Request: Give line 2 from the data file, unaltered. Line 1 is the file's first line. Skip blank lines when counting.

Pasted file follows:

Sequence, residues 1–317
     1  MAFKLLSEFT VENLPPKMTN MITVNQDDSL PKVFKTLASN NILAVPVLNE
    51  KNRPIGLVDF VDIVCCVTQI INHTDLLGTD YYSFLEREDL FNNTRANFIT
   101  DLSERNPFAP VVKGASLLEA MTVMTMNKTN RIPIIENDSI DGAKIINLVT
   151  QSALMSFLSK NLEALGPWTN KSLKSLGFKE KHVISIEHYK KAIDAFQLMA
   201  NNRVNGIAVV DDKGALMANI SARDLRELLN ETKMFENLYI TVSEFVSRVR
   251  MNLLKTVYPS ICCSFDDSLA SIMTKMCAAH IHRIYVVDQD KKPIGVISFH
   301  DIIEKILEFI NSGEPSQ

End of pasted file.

     1  MAFKLLSEFT VENLPPKMTN MITVNQDDSL PKVFKTLASN NILAVPVLNE